Norwich portion of Norwich Hospital property still in legal limbo
Norwich — The ownership of the nearly 50-acre former Norwich Hospital property in Norwich changed hands on June 20 with the completion of a mortgage foreclosure action. But legal tie-ups to future development there might not be over, as the former developer has included the property in his Chapter 7 bankruptcy filing in federal court.
Mark Fields, who headed Thames River Landing LLC, which purchased the property from the state in 2015, filed for Chapter 7 bankruptcy in U.S. District Court in Hartford on June 18, the day before the foreclosure action by Castanho Development LLC was finalized in New London Superior Court.
On June 20, the certificate of foreclosure was filed in the Norwich land records, and the LLC was listed as the new owner of the four properties, two with addresses of 626 and 705 Laurel Hill Road and two with no numerical addresses.
But Fields listed the properties as assets in the Chapter 7 bankruptcy filing, with total real estate value of $1.24 million.
Castanho Development LLC filed a motion June 27 asking the court to remove the properties from the case “for the purpose of enforcing its possessory interest in the property.” The motion stated that Fields “is in possession of the property, although his right to possession has expired.”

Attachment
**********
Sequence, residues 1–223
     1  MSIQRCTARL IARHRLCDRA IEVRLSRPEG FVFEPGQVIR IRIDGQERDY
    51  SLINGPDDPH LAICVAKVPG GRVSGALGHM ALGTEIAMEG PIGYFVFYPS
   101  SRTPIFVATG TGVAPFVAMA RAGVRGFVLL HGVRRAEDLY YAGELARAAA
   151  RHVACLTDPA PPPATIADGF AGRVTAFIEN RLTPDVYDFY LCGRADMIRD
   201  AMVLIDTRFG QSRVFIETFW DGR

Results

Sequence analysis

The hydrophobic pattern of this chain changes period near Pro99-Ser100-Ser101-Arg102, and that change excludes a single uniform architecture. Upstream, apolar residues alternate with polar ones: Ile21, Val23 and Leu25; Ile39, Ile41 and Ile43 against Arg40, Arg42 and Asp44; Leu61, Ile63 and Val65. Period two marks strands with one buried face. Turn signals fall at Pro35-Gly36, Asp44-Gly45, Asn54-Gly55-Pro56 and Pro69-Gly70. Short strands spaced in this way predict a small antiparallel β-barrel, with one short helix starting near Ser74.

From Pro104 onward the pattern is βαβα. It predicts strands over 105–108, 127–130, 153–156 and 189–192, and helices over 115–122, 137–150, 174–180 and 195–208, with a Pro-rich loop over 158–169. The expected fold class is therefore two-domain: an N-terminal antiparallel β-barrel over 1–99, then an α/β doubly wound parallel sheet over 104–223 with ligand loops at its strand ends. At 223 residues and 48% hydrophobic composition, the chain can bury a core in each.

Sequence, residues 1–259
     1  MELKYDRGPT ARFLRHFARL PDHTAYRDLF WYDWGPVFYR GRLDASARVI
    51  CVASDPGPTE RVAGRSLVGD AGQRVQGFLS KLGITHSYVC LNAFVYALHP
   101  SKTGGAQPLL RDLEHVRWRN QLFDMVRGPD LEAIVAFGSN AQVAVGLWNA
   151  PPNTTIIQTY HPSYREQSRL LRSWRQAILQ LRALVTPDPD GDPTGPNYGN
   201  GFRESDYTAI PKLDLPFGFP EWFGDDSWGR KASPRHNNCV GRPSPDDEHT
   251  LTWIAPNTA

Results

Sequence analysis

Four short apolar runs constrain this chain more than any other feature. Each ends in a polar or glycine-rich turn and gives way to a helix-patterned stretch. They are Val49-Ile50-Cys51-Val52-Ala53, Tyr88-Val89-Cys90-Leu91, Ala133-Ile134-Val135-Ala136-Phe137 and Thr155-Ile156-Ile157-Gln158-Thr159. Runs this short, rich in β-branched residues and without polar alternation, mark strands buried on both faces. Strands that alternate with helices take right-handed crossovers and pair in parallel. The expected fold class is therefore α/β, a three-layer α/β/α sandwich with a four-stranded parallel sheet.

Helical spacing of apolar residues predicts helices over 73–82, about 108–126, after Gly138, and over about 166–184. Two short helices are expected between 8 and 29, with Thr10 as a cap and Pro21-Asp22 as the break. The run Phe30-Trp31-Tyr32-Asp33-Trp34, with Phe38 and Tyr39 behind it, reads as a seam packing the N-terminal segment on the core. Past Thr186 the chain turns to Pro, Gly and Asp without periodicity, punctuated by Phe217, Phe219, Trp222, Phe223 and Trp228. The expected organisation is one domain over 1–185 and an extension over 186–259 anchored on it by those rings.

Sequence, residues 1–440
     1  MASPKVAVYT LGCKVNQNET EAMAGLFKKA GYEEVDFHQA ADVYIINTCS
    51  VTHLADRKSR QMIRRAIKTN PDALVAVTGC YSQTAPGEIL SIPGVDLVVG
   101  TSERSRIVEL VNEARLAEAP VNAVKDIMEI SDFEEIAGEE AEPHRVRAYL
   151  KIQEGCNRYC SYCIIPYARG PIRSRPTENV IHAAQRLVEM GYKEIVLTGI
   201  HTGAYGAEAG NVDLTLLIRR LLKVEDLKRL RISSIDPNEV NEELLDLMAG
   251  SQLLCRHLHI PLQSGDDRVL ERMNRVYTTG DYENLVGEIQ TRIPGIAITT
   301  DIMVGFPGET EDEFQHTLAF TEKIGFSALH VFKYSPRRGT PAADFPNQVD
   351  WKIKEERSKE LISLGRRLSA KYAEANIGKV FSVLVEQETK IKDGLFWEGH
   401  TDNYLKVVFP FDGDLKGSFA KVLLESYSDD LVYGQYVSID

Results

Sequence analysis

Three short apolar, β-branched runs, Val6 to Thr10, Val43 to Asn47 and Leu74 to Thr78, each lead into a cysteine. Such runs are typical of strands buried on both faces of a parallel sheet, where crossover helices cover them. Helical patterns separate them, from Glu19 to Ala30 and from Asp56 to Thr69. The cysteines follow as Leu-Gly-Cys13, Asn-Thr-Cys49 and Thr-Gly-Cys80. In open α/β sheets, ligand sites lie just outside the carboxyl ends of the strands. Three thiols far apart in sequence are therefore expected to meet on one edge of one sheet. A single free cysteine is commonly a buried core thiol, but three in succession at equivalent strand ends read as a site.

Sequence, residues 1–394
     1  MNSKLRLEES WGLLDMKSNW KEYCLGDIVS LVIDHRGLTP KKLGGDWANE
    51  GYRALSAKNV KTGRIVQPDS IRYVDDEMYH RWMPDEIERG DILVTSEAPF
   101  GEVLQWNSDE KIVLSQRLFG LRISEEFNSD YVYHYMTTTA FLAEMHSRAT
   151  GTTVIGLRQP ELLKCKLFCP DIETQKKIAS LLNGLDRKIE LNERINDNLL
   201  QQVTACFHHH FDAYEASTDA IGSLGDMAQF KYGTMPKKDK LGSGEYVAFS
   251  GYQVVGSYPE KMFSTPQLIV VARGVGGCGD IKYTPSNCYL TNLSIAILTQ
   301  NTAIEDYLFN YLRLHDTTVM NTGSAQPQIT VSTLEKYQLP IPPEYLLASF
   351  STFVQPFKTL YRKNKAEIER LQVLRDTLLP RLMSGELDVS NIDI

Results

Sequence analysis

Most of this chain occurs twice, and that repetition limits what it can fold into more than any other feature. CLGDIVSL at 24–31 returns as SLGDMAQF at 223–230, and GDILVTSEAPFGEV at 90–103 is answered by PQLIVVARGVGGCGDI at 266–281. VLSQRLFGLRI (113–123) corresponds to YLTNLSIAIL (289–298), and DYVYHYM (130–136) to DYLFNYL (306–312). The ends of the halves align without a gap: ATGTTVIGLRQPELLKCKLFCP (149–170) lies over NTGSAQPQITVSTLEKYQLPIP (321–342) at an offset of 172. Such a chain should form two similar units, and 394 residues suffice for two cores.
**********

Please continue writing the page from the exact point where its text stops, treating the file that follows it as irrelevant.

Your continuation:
Fields has been living in the house he renovated at 626 Laurel Hill Road, which is part of the former Norwich Hospital property.
Fields and Mark Castanho of Castanho Development could not be reached for comment Tuesday.
Bonnie C. Mangan, the Chapter 7 trustee in the case, objected to Castanho’s motion, calling Thames River Landing “the owner of record” in the property, and Fields as a member of Thames River Landing.
“On June 18, 2018, the debtor’s interest in Thames River Landing LLC became property of his bankruptcy estate,” Mangan wrote in her objection, citing a chapter of the bankruptcy code on property.
Mangan also wrote that she received copies of two offers by outside parties to buy the properties for prices that “far exceed the value that was placed on the property in the foreclosure action,” and Mangan wrote that the trustee believed the offers to be valid.
The bankruptcy court has scheduled a hearing for 10 a.m. Aug. 9 on Castanho’s motion and the objection.
Castanho last week met with Norwich Mayor Peter Nystrom and Norwich Community Development Corp. President Robert Mills to discuss possible future development of the property, which abuts the 393-acre former Norwich Hospital in Preston slated to be turned over to Mohegan Gaming & Entertainment for a major development.
Nystrom described the two-hour meeting as “a very nice meeting.” He said Castanho asked city officials what type of development the city would like to see there, Nystrom said. Nystrom explained the current zoning for the property, the goals in the Plan of Conservation and Development, and that housing would not be permitted under current zoning.
Nystrom said the land where a former subdivision of single-family homes for Norwich Hospital staff on the east side of Route 12 might be suitable for “very limited” housing.
“We made it very clear that mixed use would be the best use for the area,” Nystrom said. “Commercial retail is my hope for mixed use.”